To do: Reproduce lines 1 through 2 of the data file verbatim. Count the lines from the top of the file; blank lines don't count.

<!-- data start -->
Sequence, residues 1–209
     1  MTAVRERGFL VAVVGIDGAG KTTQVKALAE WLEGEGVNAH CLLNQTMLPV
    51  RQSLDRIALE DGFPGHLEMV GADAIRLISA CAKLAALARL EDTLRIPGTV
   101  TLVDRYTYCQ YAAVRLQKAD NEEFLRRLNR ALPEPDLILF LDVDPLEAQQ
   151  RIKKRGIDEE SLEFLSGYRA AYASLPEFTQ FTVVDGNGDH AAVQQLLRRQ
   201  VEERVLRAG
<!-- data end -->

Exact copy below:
Sequence, residues 1–209
     1  MTAVRERGFL VAVVGIDGAG KTTQVKALAE WLEGEGVNAH CLLNQTMLPV